Regardless of the underlying hypothesis, the findings were surprising. A correlation was expected between having been SGA at birth and having diabetes during pregnancy at a median age of 25 years; however, the anticipated relationship did not materialize. Rates of diabetes in this population averaged 3% but did not differ between those women who had been AGA and those who had been SGA at birth. The overall rate was nearly twice as high as that in the 21-year-old Pennsylvania population studied previously (2), where the prevalence was 1.6% but in which a significant effect had been seen among the SGA mothers.

A small case-control study (8) accords with the findings presented here. Among Australian women who had been diagnosed with gestational diabetes, no difference was noted in their own birth weight compared with a control group without gestational diabetes. The diagnosis of gestational diabetes does not completely correspond, since criteria of the Australasian Diabetes in Pregnancy Society differ from those of the American Diabetes Association. It did, however, appear that among women diagnosed with gestational diabetes, postprandial glucose levels were higher among women born SGA than those born AGA (169 vs. 156 mg/dl), which may suggest more insulin resistance among women who had been SGA at birth.

The discrepancy in findings between this and the earlier Pennsylvania study (2) remains unexplained. The SGA distribution was somewhat different between the two (9% in 1995–1996 vs. 7% in 1999–2000). Although all subjects in both studies were born in 1974, and the same SGA cutoff value was applied, fewer SGA women delivered babies in 1999–2000, increasing the probability of a type 2 error. In keeping with the design of the original study, in which the 1974 birth cohort was analyzed at a median age of 21, no distinction was drawn between those individuals who were adequate for gestational age and those who in fact were large for gestational age (birth weight >90th percentile.) Thus, it is possible that the inclusion of the heaviest birth weight group, who may be more likely to be diabetic, confounded the results of the AGA group. It is difficult, however, to assume this happened only at age 25 years, while having no effect at age 21 years. Differences in the proportions of type 1, type 2, and gestational diabetes may account for the discrepancy but are impossible to track from the data available. Further analyses, such as the 1974 birth cohort ages, may clarify whether an association with low maternal birth weight and diabetes in pregnancy is in fact valid.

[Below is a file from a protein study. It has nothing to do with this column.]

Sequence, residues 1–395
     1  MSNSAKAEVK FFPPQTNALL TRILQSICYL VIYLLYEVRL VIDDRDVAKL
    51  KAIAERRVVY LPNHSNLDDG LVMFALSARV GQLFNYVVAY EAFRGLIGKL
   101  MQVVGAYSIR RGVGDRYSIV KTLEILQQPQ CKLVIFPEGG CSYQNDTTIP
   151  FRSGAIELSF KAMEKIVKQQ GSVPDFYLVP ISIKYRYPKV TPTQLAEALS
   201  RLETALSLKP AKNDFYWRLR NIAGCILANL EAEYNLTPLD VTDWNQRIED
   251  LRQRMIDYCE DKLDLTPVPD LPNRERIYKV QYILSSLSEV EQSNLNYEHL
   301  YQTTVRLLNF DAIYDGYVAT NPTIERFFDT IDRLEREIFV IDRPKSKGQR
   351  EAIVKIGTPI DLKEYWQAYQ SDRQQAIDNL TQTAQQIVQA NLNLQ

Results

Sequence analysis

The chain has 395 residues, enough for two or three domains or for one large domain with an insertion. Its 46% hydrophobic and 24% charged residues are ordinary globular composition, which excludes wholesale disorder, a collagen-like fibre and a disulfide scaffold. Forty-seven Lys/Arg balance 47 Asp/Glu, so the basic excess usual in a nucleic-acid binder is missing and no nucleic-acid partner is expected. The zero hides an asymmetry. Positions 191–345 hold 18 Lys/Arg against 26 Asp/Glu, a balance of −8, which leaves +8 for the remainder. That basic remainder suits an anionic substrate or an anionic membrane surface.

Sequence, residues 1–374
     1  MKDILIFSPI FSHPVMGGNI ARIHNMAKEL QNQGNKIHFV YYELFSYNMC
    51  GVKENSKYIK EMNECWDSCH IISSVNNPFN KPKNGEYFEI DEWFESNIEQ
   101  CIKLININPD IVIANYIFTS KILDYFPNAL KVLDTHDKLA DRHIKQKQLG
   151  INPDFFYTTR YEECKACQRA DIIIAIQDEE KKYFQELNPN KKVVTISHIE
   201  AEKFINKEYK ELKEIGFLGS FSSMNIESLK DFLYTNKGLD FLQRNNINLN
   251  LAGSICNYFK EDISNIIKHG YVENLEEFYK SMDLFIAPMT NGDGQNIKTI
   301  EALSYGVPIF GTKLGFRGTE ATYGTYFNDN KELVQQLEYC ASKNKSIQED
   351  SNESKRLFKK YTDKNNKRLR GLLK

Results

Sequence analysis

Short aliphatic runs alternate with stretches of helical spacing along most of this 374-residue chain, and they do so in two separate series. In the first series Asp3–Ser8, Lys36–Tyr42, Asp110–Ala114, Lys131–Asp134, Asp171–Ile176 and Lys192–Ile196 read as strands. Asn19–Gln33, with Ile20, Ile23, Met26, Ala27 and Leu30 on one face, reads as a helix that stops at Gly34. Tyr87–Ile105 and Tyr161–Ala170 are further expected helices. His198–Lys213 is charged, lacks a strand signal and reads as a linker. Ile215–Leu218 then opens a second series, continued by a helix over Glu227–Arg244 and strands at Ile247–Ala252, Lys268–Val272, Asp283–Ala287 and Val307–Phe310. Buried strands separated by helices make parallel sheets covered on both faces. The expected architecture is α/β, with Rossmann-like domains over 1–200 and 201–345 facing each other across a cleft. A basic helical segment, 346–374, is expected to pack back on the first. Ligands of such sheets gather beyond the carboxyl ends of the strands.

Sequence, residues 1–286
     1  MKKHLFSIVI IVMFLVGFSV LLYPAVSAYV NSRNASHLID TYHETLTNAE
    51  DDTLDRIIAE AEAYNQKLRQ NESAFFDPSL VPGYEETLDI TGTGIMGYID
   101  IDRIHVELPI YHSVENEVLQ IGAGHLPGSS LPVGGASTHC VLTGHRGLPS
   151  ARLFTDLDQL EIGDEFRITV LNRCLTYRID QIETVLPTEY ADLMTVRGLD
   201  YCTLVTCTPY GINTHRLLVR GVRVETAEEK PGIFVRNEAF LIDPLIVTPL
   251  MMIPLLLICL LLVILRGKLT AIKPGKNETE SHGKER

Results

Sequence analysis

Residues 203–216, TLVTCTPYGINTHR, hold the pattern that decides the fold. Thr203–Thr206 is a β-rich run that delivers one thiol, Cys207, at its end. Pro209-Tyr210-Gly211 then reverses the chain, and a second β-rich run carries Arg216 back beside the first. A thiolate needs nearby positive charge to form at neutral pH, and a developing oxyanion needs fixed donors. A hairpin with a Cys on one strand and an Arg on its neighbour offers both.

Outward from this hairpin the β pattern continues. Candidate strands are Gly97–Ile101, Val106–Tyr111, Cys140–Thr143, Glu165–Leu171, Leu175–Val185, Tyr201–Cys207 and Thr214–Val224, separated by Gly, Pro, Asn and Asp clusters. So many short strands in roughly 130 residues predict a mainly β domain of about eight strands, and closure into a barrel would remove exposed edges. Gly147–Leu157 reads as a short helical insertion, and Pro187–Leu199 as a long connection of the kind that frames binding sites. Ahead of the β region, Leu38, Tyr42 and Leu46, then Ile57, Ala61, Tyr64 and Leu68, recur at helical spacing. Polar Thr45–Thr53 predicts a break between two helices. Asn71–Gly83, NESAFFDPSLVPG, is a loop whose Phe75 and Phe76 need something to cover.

Table 1—

Risk of diabetes during pregnancy by woman’s own birthweight

Diabetes (n)No diabetes (n)Diabetes risk (%)RR (95% CI)P
Black      
 AGA 25 914 2.7 1.0  
 SGA 78 1.3 0.46 (0.02–3.31) 0.71 
White      
 AGA 188 6,138 3.0 1.0  
 SGA 16 442 3.5 1.18 (0.71–1.94) 0.53 
Total      
 AGA 213 7,052 2.9 1.0  
 SGA 17 520 3.2 1.08 (0.63–1.83) 0.76 
Diabetes (n)No diabetes (n)Diabetes risk (%)RR (95% CI)P
Black      
 AGA 25 914 2.7 1.0  
 SGA 78 1.3 0.46 (0.02–3.31) 0.71 
White      
 AGA 188 6,138 3.0 1.0  
 SGA 16 442 3.5 1.18 (0.71–1.94) 0.53 
Total      
 AGA 213 7,052 2.9 1.0  
 SGA 17 520 3.2 1.08 (0.63–1.83) 0.76 
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A table elsewhere in this issue shows conventional and Système International (SI) units and conversion factors for many substances.